Pound raps Fifa stance on drug cheats

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Dick Pound, the head of the World Anti-Doping Agency, has attacked Fifa's reluctance to sign up to a worldwide code on drugs and claimed that football may be helping cheats back into the game.

Pound reiterated a threat that if football's world governing body has not signed the Wada code by the summer there will be no football at the Athens Olympics. "It makes it sound like they are actively looking for ways to put cheaters back into play," he said.

"The ball is in Fifa's court. The IOC [International Olympic Committee] has amended the Olympic charter so that only sports which have adopted and implemented the world anti-doping code can be on the Olympic programme. If they don't sign they don't have to bother coming to Athens.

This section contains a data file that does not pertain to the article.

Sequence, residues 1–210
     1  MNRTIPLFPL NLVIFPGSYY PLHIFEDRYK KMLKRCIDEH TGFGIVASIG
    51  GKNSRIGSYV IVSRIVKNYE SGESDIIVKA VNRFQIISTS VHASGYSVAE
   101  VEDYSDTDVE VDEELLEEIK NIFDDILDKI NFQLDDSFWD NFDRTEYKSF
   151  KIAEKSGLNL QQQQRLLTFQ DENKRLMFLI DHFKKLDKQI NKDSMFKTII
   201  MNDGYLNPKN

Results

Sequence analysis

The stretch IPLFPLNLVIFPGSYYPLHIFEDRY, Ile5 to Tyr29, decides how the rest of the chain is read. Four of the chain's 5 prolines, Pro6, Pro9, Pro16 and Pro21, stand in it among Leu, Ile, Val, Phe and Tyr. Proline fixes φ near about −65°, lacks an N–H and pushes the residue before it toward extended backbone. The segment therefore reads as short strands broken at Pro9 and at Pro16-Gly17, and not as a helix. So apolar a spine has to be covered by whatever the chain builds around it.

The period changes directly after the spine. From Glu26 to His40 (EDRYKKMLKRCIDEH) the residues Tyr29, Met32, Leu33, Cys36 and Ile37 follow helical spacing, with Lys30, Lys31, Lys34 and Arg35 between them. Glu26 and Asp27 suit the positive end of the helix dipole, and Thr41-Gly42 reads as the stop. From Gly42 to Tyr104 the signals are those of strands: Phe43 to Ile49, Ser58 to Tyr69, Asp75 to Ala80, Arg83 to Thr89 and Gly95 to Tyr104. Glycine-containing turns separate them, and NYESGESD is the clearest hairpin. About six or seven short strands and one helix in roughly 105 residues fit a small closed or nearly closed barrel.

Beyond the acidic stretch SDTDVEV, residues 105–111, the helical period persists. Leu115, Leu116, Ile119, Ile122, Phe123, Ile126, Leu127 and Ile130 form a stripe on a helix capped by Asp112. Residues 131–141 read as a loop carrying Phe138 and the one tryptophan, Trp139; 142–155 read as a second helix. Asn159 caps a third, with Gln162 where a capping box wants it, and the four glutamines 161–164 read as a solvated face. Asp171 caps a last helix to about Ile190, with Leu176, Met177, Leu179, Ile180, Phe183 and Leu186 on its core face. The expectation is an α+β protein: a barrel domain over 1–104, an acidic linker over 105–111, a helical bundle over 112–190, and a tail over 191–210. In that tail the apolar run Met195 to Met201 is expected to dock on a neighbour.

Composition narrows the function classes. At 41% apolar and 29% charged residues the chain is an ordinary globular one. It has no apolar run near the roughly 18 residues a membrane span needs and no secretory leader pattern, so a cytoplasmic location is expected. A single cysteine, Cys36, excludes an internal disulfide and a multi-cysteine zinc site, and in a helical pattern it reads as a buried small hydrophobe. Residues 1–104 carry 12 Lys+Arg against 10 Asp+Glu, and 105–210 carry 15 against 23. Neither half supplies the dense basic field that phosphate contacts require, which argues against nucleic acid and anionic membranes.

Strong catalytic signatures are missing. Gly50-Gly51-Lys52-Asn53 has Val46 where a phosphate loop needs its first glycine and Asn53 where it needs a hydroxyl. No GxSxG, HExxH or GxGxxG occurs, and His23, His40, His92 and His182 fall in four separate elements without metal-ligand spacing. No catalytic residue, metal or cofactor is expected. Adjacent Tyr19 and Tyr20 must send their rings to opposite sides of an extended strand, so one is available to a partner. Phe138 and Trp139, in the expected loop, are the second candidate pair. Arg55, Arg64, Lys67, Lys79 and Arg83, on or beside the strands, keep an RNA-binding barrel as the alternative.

"Where is the moral outrage that here's somebody who has deliberately cheated in order to improve their performance?" he asked. "It's not like a guy was captured by Nazi frogmen and injected against his will."

Fifa and the governing body of international cycling, UCI (Union Cycliste Internationale), are reluctant to sign up to an automatic two-year ban for any athlete who uses performance-enhancers, but Pound insisted there was scope for every case to be treated on its own merits.

"There is not an automatic two-year sanction for a first offence. That could not be clearer in the code. You also have to consider the circumstances of each individual case . That has been there since the beginning," he said. "I don't know what the stumbling block is. It makes me wonder whether or not these people can read."